Serratus Mountain

May 18, 2019


Squamish, BC

Serratus Mountain a rugged, substantial and highly visible summit on the main stretch of Tantalus Range. Despite the close proximity to the great Mt. Tantalus this peak still sees fair amount of traffic mostly because it locates right next to Jim Haberl Hut. The access to Jim Haberl Hut can be done in the purist’s fashion, one long day via Lake Lovely Water by crossing Squamish River on a tyrolean traverse, but most modern climbers, myself included, prefer to take the regularly served, 10-minute helicopter flight. From the hut the ascent of Serratus involves mostly 3rd and 4th class scrambling but I’ve heard more than a few parties running into 5th class terrain. It’s either because the route is sandbagged, or because of the route-finding challenges. The west side scramble route is irrelevant to me though as my preferred way is the north face on snow. In stable conditions the north face can be done by 300-meter, 40-45 degree snow which is something I’m more comfortable about. The north face can also be done in summer but I prefer winter or spring when the monster-sized crevasses and bergschrunds haven’t opened up yet. I also prefer to climb on snow instead of ice.

The decision among Alex, Andre and myself was spontaneous because the weather forecast wasn’t 100% promising. Alex and I agreed to hit Serratus Mtn. as soon as a 1-day window formed after our previous weekend’s multi-day trip in Whistler area. The forecast improved a little bit towards Sunday afternoon. I gave it 70% but we booked the flights anyway, which we were glad to be available at such last minute. We both emailed a bunch of friends but only Andre was on board, and the next morning we met in Squamish Airport at 6 am. The pilot told us at the last minute that a local legend would fly with us. This certainly made my day because I wasn’t expecting to share a trip with someone that I had only been admiring on Facebook. The weather was overcast when we drove northwards into Squamish but the clouds were clearing and the pilot said the flight to Jim Haberl Hut would have no problem.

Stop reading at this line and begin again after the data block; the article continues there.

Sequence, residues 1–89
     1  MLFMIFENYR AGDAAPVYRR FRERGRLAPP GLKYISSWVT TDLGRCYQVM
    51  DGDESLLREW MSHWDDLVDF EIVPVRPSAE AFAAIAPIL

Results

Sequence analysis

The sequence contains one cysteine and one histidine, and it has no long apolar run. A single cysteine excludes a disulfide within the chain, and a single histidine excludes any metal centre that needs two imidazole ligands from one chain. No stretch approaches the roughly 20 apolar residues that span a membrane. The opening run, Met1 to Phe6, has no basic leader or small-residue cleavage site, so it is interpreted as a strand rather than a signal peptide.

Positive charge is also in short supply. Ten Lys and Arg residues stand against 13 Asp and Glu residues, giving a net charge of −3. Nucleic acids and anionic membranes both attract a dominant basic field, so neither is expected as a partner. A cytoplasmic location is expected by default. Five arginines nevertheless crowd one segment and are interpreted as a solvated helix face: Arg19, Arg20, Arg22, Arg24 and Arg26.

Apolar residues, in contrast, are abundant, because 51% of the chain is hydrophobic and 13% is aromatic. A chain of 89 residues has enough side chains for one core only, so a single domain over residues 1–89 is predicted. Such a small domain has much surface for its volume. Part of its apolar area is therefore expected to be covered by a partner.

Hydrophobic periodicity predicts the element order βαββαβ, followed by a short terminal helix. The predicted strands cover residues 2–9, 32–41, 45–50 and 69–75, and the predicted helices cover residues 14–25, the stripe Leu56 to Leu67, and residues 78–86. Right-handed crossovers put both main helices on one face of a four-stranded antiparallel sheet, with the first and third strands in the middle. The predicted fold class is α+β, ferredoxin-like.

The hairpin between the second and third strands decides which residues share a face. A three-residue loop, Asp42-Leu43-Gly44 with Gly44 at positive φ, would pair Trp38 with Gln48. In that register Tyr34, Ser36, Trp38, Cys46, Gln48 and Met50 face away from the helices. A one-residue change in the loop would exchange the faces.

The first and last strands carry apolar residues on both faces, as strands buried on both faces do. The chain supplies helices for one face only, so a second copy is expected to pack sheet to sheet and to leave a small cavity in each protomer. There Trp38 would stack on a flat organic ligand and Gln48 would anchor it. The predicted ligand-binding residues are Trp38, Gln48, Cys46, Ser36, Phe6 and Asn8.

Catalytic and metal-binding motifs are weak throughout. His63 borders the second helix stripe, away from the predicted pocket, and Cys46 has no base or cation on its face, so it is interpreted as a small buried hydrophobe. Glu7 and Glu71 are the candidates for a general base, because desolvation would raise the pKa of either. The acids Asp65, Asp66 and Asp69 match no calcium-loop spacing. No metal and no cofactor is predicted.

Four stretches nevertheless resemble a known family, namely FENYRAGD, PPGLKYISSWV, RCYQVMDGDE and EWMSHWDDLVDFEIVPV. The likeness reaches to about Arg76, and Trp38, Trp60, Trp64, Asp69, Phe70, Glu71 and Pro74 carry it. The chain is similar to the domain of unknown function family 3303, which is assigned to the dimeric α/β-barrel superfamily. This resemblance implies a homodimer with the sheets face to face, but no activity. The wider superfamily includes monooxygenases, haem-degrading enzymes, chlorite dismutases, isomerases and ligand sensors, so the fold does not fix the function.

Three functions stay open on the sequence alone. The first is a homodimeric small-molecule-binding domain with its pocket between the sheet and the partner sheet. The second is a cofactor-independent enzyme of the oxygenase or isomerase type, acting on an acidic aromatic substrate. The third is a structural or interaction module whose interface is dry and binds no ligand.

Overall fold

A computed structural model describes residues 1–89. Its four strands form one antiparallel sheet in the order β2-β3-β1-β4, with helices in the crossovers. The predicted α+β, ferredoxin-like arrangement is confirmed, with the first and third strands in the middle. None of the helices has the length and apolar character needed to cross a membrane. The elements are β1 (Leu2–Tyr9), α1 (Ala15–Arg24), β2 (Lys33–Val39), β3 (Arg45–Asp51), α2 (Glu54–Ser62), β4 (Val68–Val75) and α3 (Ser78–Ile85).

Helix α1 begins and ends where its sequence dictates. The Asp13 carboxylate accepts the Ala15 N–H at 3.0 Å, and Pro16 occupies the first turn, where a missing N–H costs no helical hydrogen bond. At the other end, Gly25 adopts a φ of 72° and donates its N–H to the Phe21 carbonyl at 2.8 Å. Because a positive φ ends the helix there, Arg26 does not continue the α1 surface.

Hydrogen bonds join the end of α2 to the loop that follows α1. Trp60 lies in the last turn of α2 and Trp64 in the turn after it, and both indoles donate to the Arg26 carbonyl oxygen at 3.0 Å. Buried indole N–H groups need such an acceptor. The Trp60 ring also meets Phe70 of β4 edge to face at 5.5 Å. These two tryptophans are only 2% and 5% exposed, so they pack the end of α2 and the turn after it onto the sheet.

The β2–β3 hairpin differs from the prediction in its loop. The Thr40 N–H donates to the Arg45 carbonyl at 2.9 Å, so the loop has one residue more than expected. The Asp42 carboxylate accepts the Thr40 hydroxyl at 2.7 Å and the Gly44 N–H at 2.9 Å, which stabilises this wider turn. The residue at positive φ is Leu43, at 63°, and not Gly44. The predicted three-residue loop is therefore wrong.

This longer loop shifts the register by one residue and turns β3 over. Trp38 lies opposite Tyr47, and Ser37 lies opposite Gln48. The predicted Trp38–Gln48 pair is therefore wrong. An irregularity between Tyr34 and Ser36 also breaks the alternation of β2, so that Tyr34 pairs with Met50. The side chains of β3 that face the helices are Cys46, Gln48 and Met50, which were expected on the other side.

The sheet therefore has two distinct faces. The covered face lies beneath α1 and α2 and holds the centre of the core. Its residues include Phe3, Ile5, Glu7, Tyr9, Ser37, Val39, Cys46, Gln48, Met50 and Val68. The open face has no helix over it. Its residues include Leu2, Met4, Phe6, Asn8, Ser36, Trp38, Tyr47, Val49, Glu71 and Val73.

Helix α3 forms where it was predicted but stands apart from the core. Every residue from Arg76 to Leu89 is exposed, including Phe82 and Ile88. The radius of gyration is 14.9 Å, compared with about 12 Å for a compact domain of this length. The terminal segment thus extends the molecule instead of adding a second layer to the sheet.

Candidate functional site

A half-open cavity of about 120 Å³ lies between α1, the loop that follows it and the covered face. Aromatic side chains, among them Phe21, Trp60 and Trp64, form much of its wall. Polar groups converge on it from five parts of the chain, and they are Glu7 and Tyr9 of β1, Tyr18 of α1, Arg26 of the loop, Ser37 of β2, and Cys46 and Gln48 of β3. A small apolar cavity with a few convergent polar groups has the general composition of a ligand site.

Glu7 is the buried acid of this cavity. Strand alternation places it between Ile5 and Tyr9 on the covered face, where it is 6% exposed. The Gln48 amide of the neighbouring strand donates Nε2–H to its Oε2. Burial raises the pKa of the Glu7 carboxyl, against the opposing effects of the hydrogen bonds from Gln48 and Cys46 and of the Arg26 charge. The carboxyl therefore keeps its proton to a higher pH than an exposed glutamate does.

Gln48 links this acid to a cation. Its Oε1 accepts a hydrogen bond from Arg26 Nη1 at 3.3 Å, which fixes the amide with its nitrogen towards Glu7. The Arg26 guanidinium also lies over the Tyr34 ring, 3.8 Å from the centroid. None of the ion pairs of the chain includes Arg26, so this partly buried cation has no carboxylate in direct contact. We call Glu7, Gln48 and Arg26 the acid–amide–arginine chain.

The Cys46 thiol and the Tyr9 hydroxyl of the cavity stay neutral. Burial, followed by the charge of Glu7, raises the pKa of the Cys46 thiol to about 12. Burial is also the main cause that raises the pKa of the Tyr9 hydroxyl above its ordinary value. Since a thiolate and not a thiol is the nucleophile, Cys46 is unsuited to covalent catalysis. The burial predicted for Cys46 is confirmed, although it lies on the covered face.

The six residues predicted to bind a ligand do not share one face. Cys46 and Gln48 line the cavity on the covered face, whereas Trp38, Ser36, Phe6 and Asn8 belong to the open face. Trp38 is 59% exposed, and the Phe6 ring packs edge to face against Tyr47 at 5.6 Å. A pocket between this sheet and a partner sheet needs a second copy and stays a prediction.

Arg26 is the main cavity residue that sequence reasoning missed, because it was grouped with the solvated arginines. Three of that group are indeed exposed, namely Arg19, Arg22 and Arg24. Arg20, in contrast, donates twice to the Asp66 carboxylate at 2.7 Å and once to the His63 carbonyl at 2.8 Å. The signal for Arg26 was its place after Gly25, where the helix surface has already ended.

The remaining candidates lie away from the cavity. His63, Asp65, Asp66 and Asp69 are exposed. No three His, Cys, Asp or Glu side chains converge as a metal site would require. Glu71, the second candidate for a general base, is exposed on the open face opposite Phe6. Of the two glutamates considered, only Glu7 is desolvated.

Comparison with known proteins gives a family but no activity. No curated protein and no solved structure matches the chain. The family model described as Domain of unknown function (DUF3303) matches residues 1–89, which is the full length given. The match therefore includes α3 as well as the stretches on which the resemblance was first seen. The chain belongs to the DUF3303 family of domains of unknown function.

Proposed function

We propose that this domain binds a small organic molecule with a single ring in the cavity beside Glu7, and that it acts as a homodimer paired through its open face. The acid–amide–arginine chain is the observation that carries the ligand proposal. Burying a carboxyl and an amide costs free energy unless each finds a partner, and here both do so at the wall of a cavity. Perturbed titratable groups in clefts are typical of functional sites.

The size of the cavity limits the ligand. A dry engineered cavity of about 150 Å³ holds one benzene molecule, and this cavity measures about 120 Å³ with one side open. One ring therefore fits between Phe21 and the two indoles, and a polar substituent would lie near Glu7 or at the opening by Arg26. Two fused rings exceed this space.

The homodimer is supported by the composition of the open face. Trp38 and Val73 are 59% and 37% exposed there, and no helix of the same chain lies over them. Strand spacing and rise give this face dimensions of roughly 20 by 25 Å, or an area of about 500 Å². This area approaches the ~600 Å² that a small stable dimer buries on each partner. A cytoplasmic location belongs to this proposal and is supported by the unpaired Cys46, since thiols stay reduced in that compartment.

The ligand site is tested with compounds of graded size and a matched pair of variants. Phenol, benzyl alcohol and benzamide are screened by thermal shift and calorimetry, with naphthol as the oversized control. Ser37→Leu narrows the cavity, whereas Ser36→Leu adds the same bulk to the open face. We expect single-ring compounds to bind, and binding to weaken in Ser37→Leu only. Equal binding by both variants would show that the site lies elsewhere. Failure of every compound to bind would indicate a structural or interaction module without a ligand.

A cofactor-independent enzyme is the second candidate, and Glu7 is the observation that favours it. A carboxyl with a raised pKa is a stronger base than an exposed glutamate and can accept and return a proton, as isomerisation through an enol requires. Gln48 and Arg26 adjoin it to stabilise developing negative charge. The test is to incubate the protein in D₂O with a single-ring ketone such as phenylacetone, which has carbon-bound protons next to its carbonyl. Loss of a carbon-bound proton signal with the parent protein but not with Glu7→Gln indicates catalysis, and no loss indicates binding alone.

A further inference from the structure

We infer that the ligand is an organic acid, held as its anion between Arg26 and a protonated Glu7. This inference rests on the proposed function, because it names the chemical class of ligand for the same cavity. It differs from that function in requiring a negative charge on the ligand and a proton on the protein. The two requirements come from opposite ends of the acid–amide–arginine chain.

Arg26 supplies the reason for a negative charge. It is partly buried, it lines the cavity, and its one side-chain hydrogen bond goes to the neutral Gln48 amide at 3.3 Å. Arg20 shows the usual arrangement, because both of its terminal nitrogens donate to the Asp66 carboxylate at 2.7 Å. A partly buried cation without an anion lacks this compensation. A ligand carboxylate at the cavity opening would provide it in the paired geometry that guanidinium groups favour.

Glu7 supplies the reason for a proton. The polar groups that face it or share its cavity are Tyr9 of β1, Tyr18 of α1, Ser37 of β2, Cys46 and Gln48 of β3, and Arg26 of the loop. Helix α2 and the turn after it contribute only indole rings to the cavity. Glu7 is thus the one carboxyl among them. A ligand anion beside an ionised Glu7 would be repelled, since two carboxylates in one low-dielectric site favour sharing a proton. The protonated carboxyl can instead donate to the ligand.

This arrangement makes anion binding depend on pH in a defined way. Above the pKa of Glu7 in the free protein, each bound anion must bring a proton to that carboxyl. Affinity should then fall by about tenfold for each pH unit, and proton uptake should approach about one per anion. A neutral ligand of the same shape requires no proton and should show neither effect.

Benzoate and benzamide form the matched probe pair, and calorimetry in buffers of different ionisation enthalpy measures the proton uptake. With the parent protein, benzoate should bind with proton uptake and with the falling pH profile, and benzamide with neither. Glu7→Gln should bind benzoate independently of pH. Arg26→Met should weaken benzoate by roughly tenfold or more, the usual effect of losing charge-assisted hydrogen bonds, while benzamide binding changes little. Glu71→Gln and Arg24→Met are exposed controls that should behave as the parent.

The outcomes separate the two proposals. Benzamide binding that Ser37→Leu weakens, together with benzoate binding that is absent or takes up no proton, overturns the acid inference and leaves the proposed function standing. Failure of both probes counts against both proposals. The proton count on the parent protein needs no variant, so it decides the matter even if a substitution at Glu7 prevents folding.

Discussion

North Face of Serratus Mountain from Jim Haberl Hut. GPX DL

A while later we were dropped at the hut. Alex and Andre decided to ski instead of snowshoe but I only had one choice. To access the north face we had to lose over 100 m elevation so I went ahead plodding on snowshoes. Alex and Andre caught up and past me in no time and we regrouped at the bottom of the face. It appeared that the whole lower face had slid in the last several days. This meant our climbing would be safer, but the size of those debris was humbling. There would be no chance of survival if getting caught in that. After a bit of post-holing we hit the harder surface and over 100 vertical meters of continuous, 40-degree front-pointing that made us glad to have an ice tool. The transition onto the bench had a section of steep (45+ degrees) and soft snow, but once onto the upper bench the condition improved again and the grade eased off to around 35 degrees.

Lake Lovely Water covered in morning fog

East Face of The Red Tusk, one of the most difficult summits in Sea to Sky

Morning sun behind the valley fog

The misty west aspects of Serratus Mountain

The heli pad right next to Jim Haberl Hut

The north face of Mt. Sedgwick

Jim Haberl Hut with Mt. Dione behind

Alex and Andre ready to rock ‘n roll

Andre skiing down Serratus Glacier

Alex skiing the morning corn on Serratus Glacier

Cloudburst Mountain pokes above the valley fog

The morning sun and Mt. Garibaldi massif

Alex and Andre look small compared with Alpha Mountain

Alex starting the boot-pack

Thank to post-holing we soon merged onto the debris…

Alex and Andre plodding up this massive debris field..

As you can see, the whole north face of Serratus slid…

Me climbing up. Photo by Alex R.

Andre on the front-pointing sections

From front-pointing to soft snow. Photo by Andre

Climbing onto the upper shoulder after some steep and soft snow